Level up your side dish game with this delicious loaded mashed potato casserole. Creamy and rich and are easy to make ahead of time, making them a great option of Thanksgiving and the holidays.
Loaded Mashed Potatoes
When it comes to deciding what to serve up for Thanksgiving and Christmas I always want to find lots of make ahead options to make the day less stressful in the kitchen. And that’s where this delicious loaded mashed potato casserole comes in!
Super easy to make, this side dish is creamy and buttery, and of course, loaded with bacon and cheese. What’s not to love?!
For more mashed potato side dishes, be sure to check out my Slow Cooker Mashed Potatoes with Garlic Butter and “Cheesy” Vegan Mashed Potatoes.
Why you’ll love this Loaded Mashed Potato Casserole:
- Make ahead: This casserole can be made up to 2 days ahead of time, so it’s a great option if you are planning to serve them as part of a big feast.
- Perfect for a crowd: This recipe will easily feed up to 10 people and is easily halved and doubled.
- Simple: Easy to make with simple ingredients, this dish is quick to prep and delicious to eat!
How to Make Mashed Potato Casserole
You can jump to the recipe card for full ingredients & instructions!
- Boil the waters until fork tender and drain.
- Mash the potatoes with the butter, creams, and cheeses.
- Add some cooked bacon and chives and combine and season.
- Spread the mashed potatoes in a baking dish.
- Cover with foil and cook, uncovering halfway through.
- Sprinkle with cheese and bake.
- Top with bacon and chives and serve.
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Make it ahead of time
This loaded mash potato casserole can be made two days in advance.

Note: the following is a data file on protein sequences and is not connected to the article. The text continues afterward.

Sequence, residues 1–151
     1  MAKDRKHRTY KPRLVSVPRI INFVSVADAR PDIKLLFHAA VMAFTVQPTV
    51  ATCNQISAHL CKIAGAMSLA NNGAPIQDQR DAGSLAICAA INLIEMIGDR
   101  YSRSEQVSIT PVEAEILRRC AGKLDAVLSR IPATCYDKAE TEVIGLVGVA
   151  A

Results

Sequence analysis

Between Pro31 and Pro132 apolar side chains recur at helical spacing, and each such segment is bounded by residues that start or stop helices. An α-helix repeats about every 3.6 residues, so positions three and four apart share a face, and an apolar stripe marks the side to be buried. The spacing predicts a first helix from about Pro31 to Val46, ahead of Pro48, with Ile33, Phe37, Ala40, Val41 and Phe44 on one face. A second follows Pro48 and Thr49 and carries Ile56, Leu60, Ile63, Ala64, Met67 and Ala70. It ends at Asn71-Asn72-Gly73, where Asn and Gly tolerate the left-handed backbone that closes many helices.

- Make the mashed potato mixture and spread it into the baking dish.
- Cover with plastic wrap and place in the fridge for up to 2 days.
- Remove from the fridge 30 minutes before cooking.
- Remove plastic and cover with foil.
- Cook in a preheated oven for 50 minutes, removing the foil halfway through.
- Add cheese and bake until melted and serve with bacon bits and chives.
What are the best potatoes to use?
My top potato when making mash is Yukon Gold. They are nice and starchy so get really fluffy. Russets are also a good choice, but stay away from waxy potatoes like red skinned or fingerlings.
What do you serve them with?
This loaded mashed potato casserole is the perfect accompaniment to your Christmas or Thanksgiving meal. Try it with:
- Boil the potatoes until they are fork tender and boil off any excess moisture.
- Use starchy potatoes like Yukon Gold or Russet for the best mashed potatoes.
- If making ahead of time, let the potatoes cool completely before storing.
- Leftovers will keep well for 3 to 4 days and can be reheated in the oven.
More Holiday Side Dishes
This Loaded Mashed Potato Casserole is just ONE of our favorite holiday side dishes! Be sure to try these other amazing recipes.
If you make this recipe be sure to upload a photo in the comment section below or leave a rating. Enjoy! You can also jump to recipe.
My potatoe mixture seems a little soupy. Is this normal?
They definitely shouldn’t be soupy! Did you boil off the excess moisture before adding the dairy? If so, then I think you may have had a bit under 5 pounds of potatoes, which could lead to the mixture becoming soupy.
Made this for Easter Dinner today and even my daughter who hates mashed potatoes loved this recipe. I did leave out the bacon since this was a side dish for bbq pork ribs. So to substitute for the lack of bacon flavor I added 1 tsp more of garlic powder, 1/2 tsp of onion powder and 1/4 tsp of Slap yo Mama seasoning. But even before adding those spices, the recipe came out really good. Thank you for this post.
Thanks for sharing, Tiffany!!
I’m just using your recipe on 11/24/21 and chose it because it has the ingredients my sister uses for her loaded mashed potato dish. You might not see my comment or reply to it but I noticed SOUR CREAM listed in the directions but not in the ingredient list. I added 1 cup. Seems to have a good sour cream flavor. Can you verify the amount?
In a number of the previous recipes you have posted, you reference the amount of spices, etc with a decimal measurement. Having been used to using 1/4 to 1 tablespoon and the same for cup measurements. I’m having trouble figuring out what is the equivalent in the cup or spoon measuements.
Thank you for you support and the great recipes. Bill K